America’s Iran Hysteria

May 30, 2017
Posted in Blog
May 30, 2017 Editor

America’s Iran Hysteria

Please click on audio of post. NOTE: only main text read; no links, text markings, images, videos, footnotes, etc. read aloud.

The Irrationality of Iran Vilification
By Danny Sjursen

Posted by Danny Sjursen at 7:46am, May 30, 2017.
Follow TomDispatch on Twitter @TomDispatch.

WN: It is now almost in every geopolitical instance a truism that if the United States says “black” the reality is the inverse – or significantly other. Such is the case in the article highlighted below. America’s view of geopolitical realities is systematically and systemically flawed in favour of its will to worldwide domination: end of story – but tragically, inflicting another deadly “end” on the untold millions and the Good Earth unlucky enough to be in its way.

The side illustration makes the irony in terms of Iran explicit, as does the featured image above.

In response to Michelle Obama’s impassioned speech during the 2016 US Elections, about Donald Trump and his abusive misogyny, I wrote an “Open Letter” to her that praised her for her right-on criticism of Donald Trump’s bullying megalomania, but then asked a series of questions about America’s status in the world of which, apparently, she, a privileged Black woman married to an overt Uncle Tom, seemed entirely oblivious. One can only wonder at why such (willful?) blindness.

In response, a family member remonstrated, “What can one expect otherwise from the President of The United States?Which of course is the point! What business does any decent person in America have aspiring to run the ruthless American Empire (yes, Bernie Sanders included)?! Radio host Hugh Hewitt was brilliant in asking Evangelical Presidential hopeful Dr. Ben Carson if he was prepared to do what every President unthinkingly (or otherwise) does: murder thousands of children under his mandate.

Put differently: one can aspire to be “The Godfather” of a brutal crime syndicate – and be the proud wife of such, but one cannot aspire to be decently human simultaneously; anymore than one can aspire to be President of the United States or married to one and be decently human as well. The offices are mutually exclusive.

This of course is the famous story of Alexander the Great and the Pirate:

In the “City of God,” St. Augustine tells the story of a pirate captured by Alexander the Great. The Emperor angrily demanded of him, “How dare you molest the seas?” To which the pirate replied, “How dare you molest the whole world? Because I do it with a small boat, I am called a pirate and a thief. You, with a great navy, molest the world and are called an emperor [today the President as I reflect on the story here].” St. Augustine thought the pirate’s answer was “elegant and excellent.” [Then he bequeathed to the Western world two abominable doctrines: “just war“, and “just hell” of eternal conscious torment. See my reflection here.]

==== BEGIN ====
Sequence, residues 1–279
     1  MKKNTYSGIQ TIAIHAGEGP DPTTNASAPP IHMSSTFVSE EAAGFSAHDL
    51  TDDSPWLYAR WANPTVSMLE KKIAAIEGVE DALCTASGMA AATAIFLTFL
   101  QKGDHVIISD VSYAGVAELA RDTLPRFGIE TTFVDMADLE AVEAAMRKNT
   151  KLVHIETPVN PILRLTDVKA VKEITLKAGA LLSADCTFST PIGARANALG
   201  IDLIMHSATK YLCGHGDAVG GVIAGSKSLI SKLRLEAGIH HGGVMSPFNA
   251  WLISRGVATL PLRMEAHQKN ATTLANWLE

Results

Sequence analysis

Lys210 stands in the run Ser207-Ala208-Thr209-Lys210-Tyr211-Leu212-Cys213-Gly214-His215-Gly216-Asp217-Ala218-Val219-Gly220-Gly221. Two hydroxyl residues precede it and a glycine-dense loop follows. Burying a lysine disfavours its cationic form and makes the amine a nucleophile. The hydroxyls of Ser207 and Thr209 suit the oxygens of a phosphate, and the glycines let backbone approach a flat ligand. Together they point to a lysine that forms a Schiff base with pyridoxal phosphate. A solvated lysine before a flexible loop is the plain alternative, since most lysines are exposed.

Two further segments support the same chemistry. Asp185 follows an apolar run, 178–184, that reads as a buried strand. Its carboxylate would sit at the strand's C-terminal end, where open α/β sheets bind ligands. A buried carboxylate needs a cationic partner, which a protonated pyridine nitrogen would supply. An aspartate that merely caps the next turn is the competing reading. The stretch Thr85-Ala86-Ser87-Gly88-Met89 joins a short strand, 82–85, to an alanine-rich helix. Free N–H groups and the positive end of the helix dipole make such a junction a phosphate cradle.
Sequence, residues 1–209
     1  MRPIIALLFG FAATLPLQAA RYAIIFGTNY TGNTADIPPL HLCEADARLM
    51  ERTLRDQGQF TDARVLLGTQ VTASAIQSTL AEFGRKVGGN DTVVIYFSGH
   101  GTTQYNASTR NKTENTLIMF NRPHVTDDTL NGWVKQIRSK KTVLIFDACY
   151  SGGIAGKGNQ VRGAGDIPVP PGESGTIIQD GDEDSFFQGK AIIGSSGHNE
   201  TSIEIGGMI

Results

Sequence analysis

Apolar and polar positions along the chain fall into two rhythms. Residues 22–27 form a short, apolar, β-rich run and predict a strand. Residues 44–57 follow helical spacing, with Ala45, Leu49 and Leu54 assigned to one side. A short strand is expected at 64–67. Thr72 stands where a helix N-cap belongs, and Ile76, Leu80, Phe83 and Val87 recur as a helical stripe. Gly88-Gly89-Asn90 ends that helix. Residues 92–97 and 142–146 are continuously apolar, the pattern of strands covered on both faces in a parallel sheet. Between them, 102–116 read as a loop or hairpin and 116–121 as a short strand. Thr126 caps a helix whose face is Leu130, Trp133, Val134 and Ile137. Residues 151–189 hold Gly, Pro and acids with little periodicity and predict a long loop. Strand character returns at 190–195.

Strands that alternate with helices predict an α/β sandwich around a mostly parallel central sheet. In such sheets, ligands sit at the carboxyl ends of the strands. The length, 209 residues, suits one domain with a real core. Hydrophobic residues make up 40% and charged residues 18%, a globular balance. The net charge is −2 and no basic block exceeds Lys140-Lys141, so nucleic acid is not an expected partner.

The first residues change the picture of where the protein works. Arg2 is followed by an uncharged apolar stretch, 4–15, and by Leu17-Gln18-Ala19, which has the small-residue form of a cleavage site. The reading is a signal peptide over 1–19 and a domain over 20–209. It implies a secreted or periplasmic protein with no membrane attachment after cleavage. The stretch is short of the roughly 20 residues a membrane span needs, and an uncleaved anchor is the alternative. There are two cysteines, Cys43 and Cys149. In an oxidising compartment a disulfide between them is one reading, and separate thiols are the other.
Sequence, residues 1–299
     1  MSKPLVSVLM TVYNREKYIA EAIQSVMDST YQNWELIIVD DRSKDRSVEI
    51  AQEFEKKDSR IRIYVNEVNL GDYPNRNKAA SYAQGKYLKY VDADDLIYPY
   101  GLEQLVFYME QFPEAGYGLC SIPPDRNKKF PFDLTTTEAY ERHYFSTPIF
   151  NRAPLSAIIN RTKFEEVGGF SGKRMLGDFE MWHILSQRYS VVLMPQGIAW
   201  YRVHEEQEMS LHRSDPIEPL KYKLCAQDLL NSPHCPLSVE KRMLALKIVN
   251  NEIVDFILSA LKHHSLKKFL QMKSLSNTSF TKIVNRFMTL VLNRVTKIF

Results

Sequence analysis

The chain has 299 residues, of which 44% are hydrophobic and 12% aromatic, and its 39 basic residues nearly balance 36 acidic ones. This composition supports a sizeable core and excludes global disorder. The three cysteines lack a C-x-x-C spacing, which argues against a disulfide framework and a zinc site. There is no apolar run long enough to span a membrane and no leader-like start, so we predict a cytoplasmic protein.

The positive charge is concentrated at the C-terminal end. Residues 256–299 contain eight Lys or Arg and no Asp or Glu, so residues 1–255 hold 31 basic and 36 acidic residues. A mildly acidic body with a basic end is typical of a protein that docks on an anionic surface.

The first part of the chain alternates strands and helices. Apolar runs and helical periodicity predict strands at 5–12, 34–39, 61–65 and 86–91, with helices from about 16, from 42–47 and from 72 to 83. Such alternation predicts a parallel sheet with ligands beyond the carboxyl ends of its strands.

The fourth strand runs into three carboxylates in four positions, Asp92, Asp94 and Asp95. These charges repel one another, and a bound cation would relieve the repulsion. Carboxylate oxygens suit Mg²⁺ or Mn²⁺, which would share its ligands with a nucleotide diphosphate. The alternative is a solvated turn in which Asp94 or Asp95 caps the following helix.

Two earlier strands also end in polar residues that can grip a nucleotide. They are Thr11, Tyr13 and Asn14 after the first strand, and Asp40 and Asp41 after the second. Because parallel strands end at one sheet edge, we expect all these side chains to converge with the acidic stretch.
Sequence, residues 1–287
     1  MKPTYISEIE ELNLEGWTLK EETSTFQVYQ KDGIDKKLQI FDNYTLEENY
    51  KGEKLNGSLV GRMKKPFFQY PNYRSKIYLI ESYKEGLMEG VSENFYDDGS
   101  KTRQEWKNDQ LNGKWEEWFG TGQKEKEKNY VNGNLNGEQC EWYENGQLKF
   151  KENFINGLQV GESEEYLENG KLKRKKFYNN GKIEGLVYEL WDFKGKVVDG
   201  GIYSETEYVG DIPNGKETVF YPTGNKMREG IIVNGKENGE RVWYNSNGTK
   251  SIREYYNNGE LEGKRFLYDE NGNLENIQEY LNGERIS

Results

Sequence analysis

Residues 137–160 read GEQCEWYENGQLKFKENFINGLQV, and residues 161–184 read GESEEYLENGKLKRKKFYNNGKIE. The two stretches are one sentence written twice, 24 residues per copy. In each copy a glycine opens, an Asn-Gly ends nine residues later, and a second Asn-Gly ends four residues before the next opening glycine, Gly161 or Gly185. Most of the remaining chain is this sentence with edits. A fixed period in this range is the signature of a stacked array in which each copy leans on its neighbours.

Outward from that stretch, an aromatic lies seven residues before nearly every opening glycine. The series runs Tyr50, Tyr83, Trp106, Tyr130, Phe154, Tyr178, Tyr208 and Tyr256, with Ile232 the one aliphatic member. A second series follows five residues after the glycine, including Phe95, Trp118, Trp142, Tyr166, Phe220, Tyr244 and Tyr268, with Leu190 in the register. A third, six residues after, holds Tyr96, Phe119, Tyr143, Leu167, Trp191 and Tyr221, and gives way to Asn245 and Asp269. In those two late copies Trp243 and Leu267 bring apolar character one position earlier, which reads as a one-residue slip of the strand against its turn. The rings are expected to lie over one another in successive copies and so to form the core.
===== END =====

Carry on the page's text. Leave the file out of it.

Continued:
There are many grand ironies in the world. The Myth of “America the Righteous Leader of the ‘Free World’ ” is possibly the Grandest of them all.

an excerpt:

“Rip It Up”

Iran hawks live on both sides of the political aisle.  In 2015, for example, Hillary Clinton told an audience at Dartmouth College that Iran represents “an existential threat to Israel.”  Though she expressed tacit support for Obama’s then-pending nuclear deal — the Joint Comprehensive Plan of Action, or JCPOA — she added that “even if we do get such a deal, we will still have major problems… [Iran is] the world’s chief sponsor of terrorism.”

When it comes to real rancor toward Iran, however, you have to look to the right.  Senator John McCain, for instance, immediately cried foul about the JCPOA, calling it a “bad deal” likely to “nuclearize” the Middle East.  More colloquially, as both a candidate and as president-elect, Donald Trump repeatedly vowed to “rip it up,” while former governor and presidential hopeful Mike Huckabee accused President Obama of “marching the Israelis to the door of the oven.”

Despite the bellicose rhetoric, intelligence and congressional testimony indicate that Iran is complying with the JCPOA.  Former Chairman of the Joint Chiefs General Martin Dempsey — not exactly a dove — believed that the deal reduced the risk of Iran weaponizing its nuclear power. All the appeals from the president, various pundits, neocons of every sort, and congressional hawks to withdraw from it also neglect an obvious reality: the JCPOA is a multilateral deal and none of our partners (Russia, China, Great Britain, France, and Germany) will support “tearing up” the agreement.  Imagine the optics of a future American unilateral abrogation of an agreement Iran is complying with: the onus will be on Washington alone; its allies will continue to abide by the deal and, with genuine justification, Iran’s leaders will be able to depict the Americans as destabilizing “cowboys.”

Here’s the reality of the present situation: despite decades of sanctions and the military containment of Iran, the U.S. has not significantly affected its policies or stance in the region.  Few in Washington display the courage to ask the crucial question: Why continue?  Why not a creative new approach — the gradual normalization of relations?

Though you wouldn’t know it, given the prominence of Iranophobes in Washington, the U.S. has little to lose.  Current policy is counterproductive in so many ways, while Washington’s never-ending bellicosity and threats to “rip up” the nuclear agreement only undercut Iran’s moderates and the eminently sensible President Hassan Rouhani, who recently won a smashing electoral victory against a hardline, fundamentalist opponent in which a stunning 73% of Iranian voters cast ballots. Why not make it more, not ever less, difficult for Iran’s conservatives to vilify the U.S.?